Apple's new iTunes surprise: No more jailbreaking

The company seems to be crippling the jailbreaking of iPhones with its new MacBooks, driving would-be jailbreakers to try...Windows.

You just bought a new MacBook Pro. You can't wait to pull it out of the box and sync it with your shiny new iPhone. Perhaps you travel abroad a lot, and you can't afford to pay AT&T's insane international roaming rates (Who can?). Or perhaps you have an application that Apple won't provide you through its App Store but that can be installed on a jailbroken phone.

If you have a new MacBook, you may be out of luck. If you have Windows, however, you should be fine. The irony is stifling.

Gizmodo is reporting that Apple has found a novel way to prevent the jailbreaking of its iPhones, one that no cracking of the iPhone firmware is going to fix. This time, Apple apparently is using a custom build of iTunes in the newest MacBook line to stymie attempts to jailbreak iPhones:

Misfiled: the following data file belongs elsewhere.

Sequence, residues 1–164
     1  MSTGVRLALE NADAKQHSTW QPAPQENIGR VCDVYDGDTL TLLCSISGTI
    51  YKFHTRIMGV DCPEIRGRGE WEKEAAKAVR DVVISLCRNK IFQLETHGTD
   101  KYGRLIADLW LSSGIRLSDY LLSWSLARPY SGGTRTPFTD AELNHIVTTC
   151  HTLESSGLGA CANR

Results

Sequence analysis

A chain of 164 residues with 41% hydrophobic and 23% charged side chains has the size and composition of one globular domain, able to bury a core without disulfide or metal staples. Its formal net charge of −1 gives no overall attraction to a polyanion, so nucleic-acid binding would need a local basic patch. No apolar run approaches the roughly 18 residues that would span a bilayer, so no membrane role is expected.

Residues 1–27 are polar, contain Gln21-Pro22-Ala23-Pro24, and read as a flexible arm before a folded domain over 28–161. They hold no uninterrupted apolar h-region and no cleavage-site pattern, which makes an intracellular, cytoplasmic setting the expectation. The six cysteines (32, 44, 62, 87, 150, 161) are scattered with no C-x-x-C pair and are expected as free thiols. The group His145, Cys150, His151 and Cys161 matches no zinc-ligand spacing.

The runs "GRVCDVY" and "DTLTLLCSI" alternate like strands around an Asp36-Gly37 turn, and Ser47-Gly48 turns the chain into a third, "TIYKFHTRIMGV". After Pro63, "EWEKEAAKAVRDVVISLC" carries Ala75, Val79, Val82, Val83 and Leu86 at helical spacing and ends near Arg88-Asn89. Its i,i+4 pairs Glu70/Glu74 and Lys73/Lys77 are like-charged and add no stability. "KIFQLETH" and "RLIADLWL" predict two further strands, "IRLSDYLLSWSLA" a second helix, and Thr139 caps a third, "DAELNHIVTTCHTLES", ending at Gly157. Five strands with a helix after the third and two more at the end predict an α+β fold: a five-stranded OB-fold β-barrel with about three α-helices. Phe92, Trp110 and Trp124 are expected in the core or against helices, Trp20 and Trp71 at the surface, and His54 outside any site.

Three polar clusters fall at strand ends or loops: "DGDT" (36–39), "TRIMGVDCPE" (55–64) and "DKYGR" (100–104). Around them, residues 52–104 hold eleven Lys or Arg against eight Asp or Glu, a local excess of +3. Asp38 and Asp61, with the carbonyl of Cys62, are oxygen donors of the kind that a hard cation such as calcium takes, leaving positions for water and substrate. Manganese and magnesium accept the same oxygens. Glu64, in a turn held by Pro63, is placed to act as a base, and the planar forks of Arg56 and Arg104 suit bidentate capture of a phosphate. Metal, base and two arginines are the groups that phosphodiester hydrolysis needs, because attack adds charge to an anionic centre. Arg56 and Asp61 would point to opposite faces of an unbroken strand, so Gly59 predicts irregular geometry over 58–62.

The new aluminum MacBooks...don't seem to be able to recognize an iPhone or iPod Touch when it is booted into DFU mode, a vital requirement for jailbreaking...Though the hardware is where one sees the most conspicuous changes in the new MacBook, this problem most likely stems from a subtle software modification. It's not clear what specifically changed, but a new build of iTunes, unique to the new MacBooks, seems like a likely culprit.

In this iPhone cat-and-mouse game, Apple seems to be turning to ever more ingenious methods to keep cash rolling in the door. Customers? Well, their best bet for circumventing Apple's wily ways is to jailbreak the iPhone using Windows-based iTunes.

How ironic (and sad) is that? The more we buy into Apple, the less freedom. Sounds like Microsoft, doesn't it? This time, however, it's worse, because Apple also controls the hardware.

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About the author

    Matt Asay is chief operating officer at Canonical, the company behind the Ubuntu Linux operating system. Prior to Canonical, Matt was general manager of the Americas division and vice president of business development at Alfresco, an open-source applications company. Matt brings a decade of in-the-trenches open-source business and legal experience to The Open Road, with an emphasis on emerging open-source business strategies and opportunities. He is a member of the CNET Blog Network and is not an employee of CNET. You can follow Matt on Twitter @mjasay.

     

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